April 06, 2020

Mount Desert tax burden could drop> Budget proposal being readied for annual March town meeting

MOUNT DESERT — Residents here soon could celebrate lower taxes.

That’s because if the budget approved by selectmen this week stands, property taxes could decrease by 4 percent for fiscal year 1998.

Mount Desert’s proposed budget reflects a decrease in county taxes and costs for the elementary school.

The town’s municipal costs and required contribution to Mount Desert Island High School would each increase, but only slightly.

On Monday, selectmen forwarded the proposal to the warrant committee for review and recommendations. Residents will have a chance to vote on it at their town meeting on Tuesday, March 3, at 6:30 p.m. at the Mount Desert Elementary School.

According to Town Manager John Brushwein, if the budget is approved as proposed, Mount Desert’s tax rate would decrease from the current $8.55 per $1,000 property valuation to $8.21 per $1,000 valuation, or about 3.9 percent. For taxpayers with property assessed at $100,000, that translates into roughly $34 less in taxes in 1998.

The proposed rate could increase slightly, Brushwein said Wednesday, when the town’s overlay is calculated. The overlay is an amount legally assessed by the town to offset losses from uncollected taxes and successful tax appeals. This year’s overlay was $22,000, Brushwein said.

The proposed budget would increase municipal expenses by 2.16 percent. Municipal costs include administrative personnel, fire and police protection, maintenance and sewer services and the code enforcement, compliance and assessing departments.

The municipal budget includes an additional $26,800 for anticipated increases in fire hydrant rental rates in Northeast Harbor, $10,000 for the Otter Creek playground, $5,900 for the Neighborhood House and $11,000 to be used toward the purchase of a new police cruiser if necessary.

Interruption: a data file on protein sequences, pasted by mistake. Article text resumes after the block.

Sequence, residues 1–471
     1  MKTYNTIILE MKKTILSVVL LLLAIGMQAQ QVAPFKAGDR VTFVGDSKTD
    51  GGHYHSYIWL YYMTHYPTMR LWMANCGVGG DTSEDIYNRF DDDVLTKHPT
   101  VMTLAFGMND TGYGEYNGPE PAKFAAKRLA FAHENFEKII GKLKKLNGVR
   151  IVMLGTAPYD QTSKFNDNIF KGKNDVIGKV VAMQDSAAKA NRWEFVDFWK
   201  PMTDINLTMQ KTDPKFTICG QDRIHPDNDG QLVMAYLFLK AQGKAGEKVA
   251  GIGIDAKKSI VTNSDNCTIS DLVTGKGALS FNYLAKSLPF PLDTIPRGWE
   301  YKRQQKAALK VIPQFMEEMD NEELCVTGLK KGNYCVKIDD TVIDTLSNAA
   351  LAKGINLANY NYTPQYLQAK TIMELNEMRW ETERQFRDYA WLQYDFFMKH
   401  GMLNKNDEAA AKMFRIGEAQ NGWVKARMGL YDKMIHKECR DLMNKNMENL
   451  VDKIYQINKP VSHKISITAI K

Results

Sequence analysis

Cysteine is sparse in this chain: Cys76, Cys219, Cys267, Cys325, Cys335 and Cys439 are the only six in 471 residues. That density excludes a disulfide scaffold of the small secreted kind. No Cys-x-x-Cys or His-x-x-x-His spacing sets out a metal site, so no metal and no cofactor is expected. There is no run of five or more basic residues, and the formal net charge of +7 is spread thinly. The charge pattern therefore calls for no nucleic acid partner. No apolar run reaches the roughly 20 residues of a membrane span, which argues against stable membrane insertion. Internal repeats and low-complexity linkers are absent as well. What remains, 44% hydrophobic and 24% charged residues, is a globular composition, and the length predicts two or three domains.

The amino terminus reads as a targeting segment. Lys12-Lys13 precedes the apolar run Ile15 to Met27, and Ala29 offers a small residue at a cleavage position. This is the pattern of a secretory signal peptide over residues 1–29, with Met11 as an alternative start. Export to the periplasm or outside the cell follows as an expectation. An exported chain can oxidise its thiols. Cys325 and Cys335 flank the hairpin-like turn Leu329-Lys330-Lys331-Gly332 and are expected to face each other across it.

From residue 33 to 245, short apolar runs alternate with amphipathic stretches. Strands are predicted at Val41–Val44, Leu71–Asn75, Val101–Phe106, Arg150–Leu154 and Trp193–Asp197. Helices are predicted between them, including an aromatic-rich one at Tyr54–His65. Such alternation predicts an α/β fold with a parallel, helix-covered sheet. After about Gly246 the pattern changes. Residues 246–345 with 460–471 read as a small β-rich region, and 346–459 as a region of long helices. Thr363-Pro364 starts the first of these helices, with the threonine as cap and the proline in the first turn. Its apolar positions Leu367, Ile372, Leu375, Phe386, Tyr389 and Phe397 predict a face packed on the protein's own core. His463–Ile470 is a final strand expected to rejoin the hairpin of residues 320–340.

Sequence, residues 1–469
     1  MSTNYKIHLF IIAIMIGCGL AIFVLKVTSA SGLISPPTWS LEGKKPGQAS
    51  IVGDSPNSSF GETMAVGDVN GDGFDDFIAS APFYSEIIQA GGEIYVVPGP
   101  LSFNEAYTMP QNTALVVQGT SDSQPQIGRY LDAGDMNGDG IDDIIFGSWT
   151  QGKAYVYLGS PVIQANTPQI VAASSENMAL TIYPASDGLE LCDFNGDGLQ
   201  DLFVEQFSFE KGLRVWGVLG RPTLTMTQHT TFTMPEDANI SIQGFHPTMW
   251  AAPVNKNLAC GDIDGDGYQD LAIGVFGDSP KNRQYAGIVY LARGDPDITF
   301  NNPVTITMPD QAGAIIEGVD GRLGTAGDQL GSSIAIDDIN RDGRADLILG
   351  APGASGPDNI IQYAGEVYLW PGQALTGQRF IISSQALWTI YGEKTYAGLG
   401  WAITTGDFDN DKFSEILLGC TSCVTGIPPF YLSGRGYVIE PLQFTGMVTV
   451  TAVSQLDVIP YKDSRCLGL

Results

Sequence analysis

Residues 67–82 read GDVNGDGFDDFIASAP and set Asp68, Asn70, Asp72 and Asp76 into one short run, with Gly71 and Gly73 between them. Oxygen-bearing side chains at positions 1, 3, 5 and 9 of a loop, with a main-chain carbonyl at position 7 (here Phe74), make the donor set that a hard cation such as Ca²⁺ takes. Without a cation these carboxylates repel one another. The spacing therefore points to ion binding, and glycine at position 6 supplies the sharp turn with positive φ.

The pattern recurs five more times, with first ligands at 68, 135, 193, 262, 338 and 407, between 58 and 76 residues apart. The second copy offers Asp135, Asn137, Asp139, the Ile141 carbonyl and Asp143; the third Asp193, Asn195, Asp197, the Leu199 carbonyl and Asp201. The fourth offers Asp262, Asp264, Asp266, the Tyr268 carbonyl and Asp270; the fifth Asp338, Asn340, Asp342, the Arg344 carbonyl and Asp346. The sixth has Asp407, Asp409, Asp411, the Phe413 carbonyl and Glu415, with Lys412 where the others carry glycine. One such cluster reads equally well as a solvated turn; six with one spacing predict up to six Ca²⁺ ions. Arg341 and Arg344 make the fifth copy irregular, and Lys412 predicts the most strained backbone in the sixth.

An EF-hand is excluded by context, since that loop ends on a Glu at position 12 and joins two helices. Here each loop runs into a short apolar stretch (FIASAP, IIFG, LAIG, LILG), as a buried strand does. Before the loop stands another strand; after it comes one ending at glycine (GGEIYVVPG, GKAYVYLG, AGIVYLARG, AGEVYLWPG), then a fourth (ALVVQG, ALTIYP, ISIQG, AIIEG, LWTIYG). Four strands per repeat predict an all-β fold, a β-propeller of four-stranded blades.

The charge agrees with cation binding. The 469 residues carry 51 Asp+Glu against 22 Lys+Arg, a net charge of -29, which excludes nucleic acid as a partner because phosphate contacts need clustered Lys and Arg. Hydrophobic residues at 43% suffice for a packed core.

Wages for several town employees would increase slighty under the proposal. The town manager’s salary would increase 6 percent above this year. Wages for the town administrative officer and deputy administrative officer, police chief, police sergeant and dispatchers would each increase 3 percent.

The proposed budget for Mount Desert Elementary School reflects a 5.8 percent drop from fiscal year 1997. Brushwein noted that last year’s budget included some costly onetime-only expenses, like a final payment on a building loan.

Mount Desert’s contribution to the MDI regional high school is expected to increase less than 1 percent in 1998, but will nonetheless remain significant. As proposed, the town will pay almost $970,000 to use the school, a figure based on Mount Desert’s average property valuation for the last three years and the number of students it sends to the school.

Finally, preliminary estimates indicate that Mount Desert residents will pay less in county taxes in 1998. According to Brushwein, the town will pay Hancock County roughly $279,000 in taxes, approximately 4 percent less than this year. The figure will not be definite until the state’s valuation of Mount Desert’s property is completed later this month.

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